By “regular animation,” I mean “very cheap animation.” Frosty the Snowman was produced with extremely simple backgrounds, a limited number of animated characters in any given scene, many of whom get reused in later scenes, and virtually no special effects whatsoever. With no access to a multiplane camera, they could not use Disney’s well known (and relatively cheap) trick of filming cornflakes on a separate sheet of glass to create somewhat realistic looking “snow,” let alone create the effect of a moving camera—something cartoonists over at Warner Bros managed through manipulating background images. Frosty the Snowman does, well, none of this, and also contains several outright continuity mistakes, with Frosty sometimes having five fingers on a hand, and sometimes four. It’s bright and colorful, but that’s about all I can say about the animation.

The story opens with what the narrator claims is a magical snow that brings everyone together and makes them happy, which has not been which has not been my universal experience of snow, even the first snow of the season, but moving on. It also, conveniently enough, happens to be falling on Christmas Eve. A day where, for whatever reason, several kids are still in class, and—contrary to the supposed happiness effects from the snow—are not very happy. At all.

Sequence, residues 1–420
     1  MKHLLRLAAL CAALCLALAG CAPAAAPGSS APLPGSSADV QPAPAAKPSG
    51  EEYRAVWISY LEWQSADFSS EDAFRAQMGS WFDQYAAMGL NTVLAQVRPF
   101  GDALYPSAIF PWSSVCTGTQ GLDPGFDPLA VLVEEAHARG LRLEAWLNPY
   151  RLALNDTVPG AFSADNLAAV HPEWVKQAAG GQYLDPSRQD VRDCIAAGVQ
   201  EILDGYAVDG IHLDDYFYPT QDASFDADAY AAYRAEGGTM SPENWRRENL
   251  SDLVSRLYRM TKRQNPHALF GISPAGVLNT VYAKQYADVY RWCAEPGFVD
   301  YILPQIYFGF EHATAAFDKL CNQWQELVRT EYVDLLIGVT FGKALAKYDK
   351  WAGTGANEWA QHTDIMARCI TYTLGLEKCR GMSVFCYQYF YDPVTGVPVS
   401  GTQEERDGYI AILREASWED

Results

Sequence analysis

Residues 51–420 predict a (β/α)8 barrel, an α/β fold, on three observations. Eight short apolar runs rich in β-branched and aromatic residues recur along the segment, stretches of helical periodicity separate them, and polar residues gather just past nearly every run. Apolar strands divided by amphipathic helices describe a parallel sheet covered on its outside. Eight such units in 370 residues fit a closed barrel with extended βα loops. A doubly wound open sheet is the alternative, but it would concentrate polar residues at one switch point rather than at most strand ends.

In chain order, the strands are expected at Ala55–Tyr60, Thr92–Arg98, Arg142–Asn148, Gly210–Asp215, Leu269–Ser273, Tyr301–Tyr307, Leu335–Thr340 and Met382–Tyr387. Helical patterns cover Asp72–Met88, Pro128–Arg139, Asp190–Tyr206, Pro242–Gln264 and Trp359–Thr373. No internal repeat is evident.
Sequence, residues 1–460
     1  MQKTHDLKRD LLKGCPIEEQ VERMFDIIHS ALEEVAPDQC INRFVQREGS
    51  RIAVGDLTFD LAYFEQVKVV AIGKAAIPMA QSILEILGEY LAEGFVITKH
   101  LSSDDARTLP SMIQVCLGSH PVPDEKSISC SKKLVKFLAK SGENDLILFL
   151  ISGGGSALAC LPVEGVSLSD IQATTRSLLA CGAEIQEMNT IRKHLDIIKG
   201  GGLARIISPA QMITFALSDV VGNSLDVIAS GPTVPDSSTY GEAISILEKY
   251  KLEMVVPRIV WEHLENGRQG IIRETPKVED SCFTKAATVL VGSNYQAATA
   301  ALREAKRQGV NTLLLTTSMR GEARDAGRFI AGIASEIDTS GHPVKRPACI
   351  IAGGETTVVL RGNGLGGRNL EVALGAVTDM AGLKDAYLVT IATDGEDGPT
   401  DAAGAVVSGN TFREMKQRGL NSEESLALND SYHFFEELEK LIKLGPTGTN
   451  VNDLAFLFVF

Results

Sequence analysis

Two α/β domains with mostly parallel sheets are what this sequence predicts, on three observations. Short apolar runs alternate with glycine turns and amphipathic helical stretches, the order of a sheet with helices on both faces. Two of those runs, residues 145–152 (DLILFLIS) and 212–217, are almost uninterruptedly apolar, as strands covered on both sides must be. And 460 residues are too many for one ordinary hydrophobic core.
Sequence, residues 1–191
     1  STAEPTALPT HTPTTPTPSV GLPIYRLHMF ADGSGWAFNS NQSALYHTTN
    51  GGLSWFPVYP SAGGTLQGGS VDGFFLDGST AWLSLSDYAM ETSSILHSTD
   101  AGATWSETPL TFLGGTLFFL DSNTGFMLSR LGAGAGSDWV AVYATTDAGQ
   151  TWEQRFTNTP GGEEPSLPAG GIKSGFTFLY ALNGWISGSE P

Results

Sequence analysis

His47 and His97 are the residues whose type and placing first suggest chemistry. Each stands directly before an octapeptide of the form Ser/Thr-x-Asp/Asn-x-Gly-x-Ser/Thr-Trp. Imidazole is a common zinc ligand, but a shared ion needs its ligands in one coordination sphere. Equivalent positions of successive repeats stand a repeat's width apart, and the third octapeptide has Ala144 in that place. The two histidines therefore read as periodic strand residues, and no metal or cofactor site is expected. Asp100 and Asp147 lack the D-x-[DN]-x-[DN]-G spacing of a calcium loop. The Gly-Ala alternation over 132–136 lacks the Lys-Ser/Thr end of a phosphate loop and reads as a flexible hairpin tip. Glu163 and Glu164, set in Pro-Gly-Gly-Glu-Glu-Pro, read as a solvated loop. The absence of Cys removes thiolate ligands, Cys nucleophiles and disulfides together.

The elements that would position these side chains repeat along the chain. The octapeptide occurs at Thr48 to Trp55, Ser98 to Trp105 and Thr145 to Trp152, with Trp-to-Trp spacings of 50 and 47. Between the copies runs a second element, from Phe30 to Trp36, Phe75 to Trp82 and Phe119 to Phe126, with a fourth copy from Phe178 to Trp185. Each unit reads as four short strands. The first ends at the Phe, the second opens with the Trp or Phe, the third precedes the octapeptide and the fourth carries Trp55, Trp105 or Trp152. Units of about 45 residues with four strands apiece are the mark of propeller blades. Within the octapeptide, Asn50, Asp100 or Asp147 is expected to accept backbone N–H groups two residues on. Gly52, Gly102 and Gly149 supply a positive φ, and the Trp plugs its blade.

Perhaps recognizing this, their teacher has hired a magician called, somewhat improbably, Professor Hinkle, to entertain them. Unfortunately, Professor Hinkle is not very good at his job, and after losing his rabbit, he throws away his hat in irritation. The rabbit pops out and hops away with the hat. With the entertainment now at a clear loss, the kids are finally allowed to head out, build a snowman, and start singing the song. And the hat is finally able to land on Frosty’s head.

This all leads to various hijinks, including a trip to the North Pole, multiple attempts by Professor Hinkle to get his hat back, and—more recently—extreme concern from various Twitter users concerned that in nearly all of these scenes the kids are playing in the snow while wearing shorts, which, valid, especially after Karen, the only named kid, nearly freezes to death on three separate occasions, which would have been a lot less likely if you’d been wearing long underwear and snowpants, Karen.

I, on the other hand, was moderately concerned that the kids immediately decided that the only safe place for Frosty to stay, where nothing will ever melt, is the North Pole. And no, not because this all takes place prior to climate change becoming a significant concern: I’m questioning their geography lessons, though to be fair, I suppose that Frosty would need to travel through the generally warm equatorial regions in order to reach Antarctica, so, come to think of it, kudos, kids! That said, they also seem to be under the impression that you can take a train to the North Pole, so, let’s go back to focusing on those geography lessons, kids! Or maybe not, since it turns out that in this film, you can take a train to the North Pole, or at least pretty close to it, if you’re willing to jump on a number of different trains and pay a mere $3000 for the privilege.